Single-take horror about teenage girls and a prank that doesn’t go as planned. Not camp or retro, but atmospheric and neatly put together.
I enjoyed Let’s Scare Julie a lot more than I expected. The publicity information gave the impression of a modern story about inane bimbos and having watched #Horror last year, I wasn’t keen to go through that again. That said, I also watched Let’s Scare Jessica to Death last year and loved it, so if writer/director Jud Cremata had been inspired by that, it must be worth a shot (it was called Let’s Scare Julie to Death in some countries).
Let’s Scare Julie is about – yes – a bunch of teenage girls staying up late to scare each other. The key figures are Emma (Troy Leigh-Anne Johnson, A Babysitter’s Guide to Monster Hunting), a little fragile still from a recent bereavement, and Taylor (Isabel May, Run Hide Fight), whose house they’re in along with three other friends. Having run out of pranks to play on each other (or rather on Emma), they decide to go and give the weird new girl next door a fright. Emma stays behind, as she has a little sister also in the house, looking out for her mates’ return. One comes back screaming, and the others…
Sure, these were catty schoolgirls, not entirely likable; but what was great about the film was how darned believable they were. The first part of Let’s Scare Julie simply involved chitchat, gossip, and teasing amongst the friends, all talking over and around each other: they seemed so natural that I couldn’t tell if they were really good actors or not acting at all. I observed their impromptu slumber party as it happened, but more than that: I was there amongst them. Consequently, when most of the gang donned masks and went to the neighbor’s house, I felt like they’d left me alone, not just Emma. I felt her anxiety with her.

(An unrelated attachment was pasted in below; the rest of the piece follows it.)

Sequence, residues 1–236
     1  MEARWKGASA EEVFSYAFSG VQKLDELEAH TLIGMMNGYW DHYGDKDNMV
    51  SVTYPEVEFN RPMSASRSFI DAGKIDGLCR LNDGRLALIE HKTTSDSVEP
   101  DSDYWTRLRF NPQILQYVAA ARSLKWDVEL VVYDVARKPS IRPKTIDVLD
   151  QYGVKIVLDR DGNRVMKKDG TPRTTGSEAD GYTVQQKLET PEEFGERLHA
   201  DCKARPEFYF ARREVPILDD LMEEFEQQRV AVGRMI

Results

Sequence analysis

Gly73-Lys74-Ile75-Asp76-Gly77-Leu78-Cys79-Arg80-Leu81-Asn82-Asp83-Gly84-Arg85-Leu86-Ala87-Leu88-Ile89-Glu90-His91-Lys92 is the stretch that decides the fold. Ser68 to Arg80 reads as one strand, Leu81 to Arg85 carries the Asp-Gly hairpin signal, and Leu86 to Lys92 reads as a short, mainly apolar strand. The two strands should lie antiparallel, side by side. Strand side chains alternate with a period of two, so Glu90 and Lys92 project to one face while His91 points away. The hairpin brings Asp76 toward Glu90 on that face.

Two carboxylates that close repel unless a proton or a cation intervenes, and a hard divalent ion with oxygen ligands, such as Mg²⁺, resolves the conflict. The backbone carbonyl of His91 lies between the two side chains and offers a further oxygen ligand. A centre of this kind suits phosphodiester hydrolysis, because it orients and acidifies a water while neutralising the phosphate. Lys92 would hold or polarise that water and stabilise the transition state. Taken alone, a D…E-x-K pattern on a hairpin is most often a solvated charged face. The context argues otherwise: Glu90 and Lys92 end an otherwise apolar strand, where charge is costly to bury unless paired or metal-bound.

The second half of the film, when the mystery and atmosphere kicked in was very effective. Dark, creepy, and with a true sense of panic. Interestingly, the sudden appearance of two adult male characters was jarring after the all-girl environment for most of the film, and neither of these men were terribly reassuring figures to meet. The only problem at this stage was that, unfortunately, I didn’t quite follow what was happening over at Julie’s. There were hints, but considering all the information came to Emma (and the viewer) by phone or by hearsay, none of what transpired during their late-night visit was made explicit.
Let’s Scare Julie was largely shot and presented in one long take, which certainly adds to the feeling of watching events real-time. It was an ambitious device, especially for a director’s first feature film, but effective. The film in general has a fairly simple plot and undeveloped characters (teenagers, eh?), but it is well put together and aided by better than average teen actors. There aren’t any high energy jump scares, and the suggested themes of guilt or bullying are only present briefly, but the film is certainly worth a watch.
Let’s Scare Julie has its European Premiere at FrightFest, October 2020, and is released on Digital HD on 21 December.
Alix has been writing for Ready Steady Cut since November 2017. They cover a wide variety, including genre festivals, and especially appreciates wit and representation on screen.